“I grew up on the Gold Coast now Ghana in the shadow of the slave castles. I have come to believe that remembering the horrors of the past and respecting with an appropriate Memorial the memory of those who survived resisted or died is a sacred duty. We need to reflect upon those lives learn more and honour them. They are not to be represented in eternal victimhood but as a source of inspiration in the contemporary and ongoing struggle against the oppression and exploitation of one human being by another. We shall overcome.”
Ray Fearon is an actor of stage and screen who spoke at the launch of Memorial 2007
“The memorial set in a garden of remembrance is essential. It is time we pay our respects and value the contributions made by the millions of Africans to help make Britain the wealth it enjoys today.”
Philippa Gregory is an English historical novelist.
"The period of transatlantic slavery - which benefited every single European country and most of the Americas, as it destroyed the stability and prosperity of the emerging nations of Africa - is one of the worst examples of the inhumanity of one people to another. It is right that we should remember this terrible time and that we should continue the struggle as brothers and sisters, against slavery today."
“I am proud to be part of this important memorial. Not only do we have an obligation within us to stand up towards any form of slavery anywhere, but also to never forget the events of the past by remembering the victims of this terrible atrocity.”
“I am convinced that we in London and in our own country cannot move forward without confronting the facts around the African Slave Trade. I invite you all to support this project and in this way to support the healing of our society.”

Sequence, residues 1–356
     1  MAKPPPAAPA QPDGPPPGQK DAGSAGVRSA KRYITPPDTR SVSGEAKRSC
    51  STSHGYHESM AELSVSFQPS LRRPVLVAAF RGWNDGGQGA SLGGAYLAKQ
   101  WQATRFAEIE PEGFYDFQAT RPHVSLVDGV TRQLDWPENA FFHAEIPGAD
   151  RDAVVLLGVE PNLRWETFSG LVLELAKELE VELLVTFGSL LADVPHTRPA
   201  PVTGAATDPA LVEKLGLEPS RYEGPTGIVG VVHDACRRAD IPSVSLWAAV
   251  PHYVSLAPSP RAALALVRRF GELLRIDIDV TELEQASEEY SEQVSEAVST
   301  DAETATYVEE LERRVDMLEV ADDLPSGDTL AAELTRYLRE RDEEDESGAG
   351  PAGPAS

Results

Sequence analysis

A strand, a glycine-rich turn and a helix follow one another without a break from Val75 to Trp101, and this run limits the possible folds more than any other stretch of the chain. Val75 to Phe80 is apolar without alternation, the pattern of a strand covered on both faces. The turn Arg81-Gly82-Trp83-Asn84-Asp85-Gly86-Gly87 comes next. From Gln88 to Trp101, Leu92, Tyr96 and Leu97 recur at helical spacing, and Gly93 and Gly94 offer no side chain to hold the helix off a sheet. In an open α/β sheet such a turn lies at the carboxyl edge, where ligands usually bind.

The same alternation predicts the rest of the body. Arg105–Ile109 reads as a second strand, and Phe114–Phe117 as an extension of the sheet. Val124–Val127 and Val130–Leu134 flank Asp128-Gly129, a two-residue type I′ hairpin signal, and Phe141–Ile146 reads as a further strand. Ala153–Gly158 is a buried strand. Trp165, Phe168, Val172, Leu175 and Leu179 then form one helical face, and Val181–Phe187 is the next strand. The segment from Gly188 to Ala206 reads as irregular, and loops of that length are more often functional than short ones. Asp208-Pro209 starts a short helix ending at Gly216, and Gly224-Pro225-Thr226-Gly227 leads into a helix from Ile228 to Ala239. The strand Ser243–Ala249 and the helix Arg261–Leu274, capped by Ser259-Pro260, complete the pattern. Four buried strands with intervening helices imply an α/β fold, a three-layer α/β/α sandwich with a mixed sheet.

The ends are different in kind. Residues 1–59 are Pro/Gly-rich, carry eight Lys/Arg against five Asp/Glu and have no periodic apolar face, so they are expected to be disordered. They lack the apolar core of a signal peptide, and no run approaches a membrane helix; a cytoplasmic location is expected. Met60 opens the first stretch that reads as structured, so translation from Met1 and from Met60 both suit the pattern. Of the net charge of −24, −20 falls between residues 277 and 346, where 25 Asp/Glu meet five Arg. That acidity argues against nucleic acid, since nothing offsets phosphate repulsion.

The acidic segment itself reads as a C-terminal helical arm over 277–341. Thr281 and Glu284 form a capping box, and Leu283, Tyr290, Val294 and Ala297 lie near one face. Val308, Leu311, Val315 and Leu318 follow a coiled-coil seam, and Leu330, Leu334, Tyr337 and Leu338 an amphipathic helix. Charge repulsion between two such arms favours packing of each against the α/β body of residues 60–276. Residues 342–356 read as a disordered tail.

Sandy Nairne, is the Former Director of the National Portrait Gallery
“Creating a permanent national memorial to commemorate the abolition of the slave trade is of great significance. A creative response in the present will allow all sections of the community to recognise the bravery and extraordinary determination of all those who fought against the great evil of slavery two hundred years ago.”
Dave Prentis is the former General Secretary of UNISON
“This memorial is a vital opportunity to remember the brutal impact of Transatlantic Slavery on Enslaved Africans and generations of their descendants - one of humanity’s greatest crimes. Im proud to support it both personally and on behalf of UNISO’s 1.3 million members.”
Mark Palmer-Edgecumbe. Former Head of Diversity and Inclusion at Google for Europe, Middle East and Africa regions.
“The United Kingdom played a pivotal role in the Transatlantic Slave Trade, both in its inception and its abolition. It is vital that the UK builds a fitting memorial to the millions of victims of the slave trade both to honour those who suffered and died and to ensure that we never forget one of humanities greatest tragedies.”
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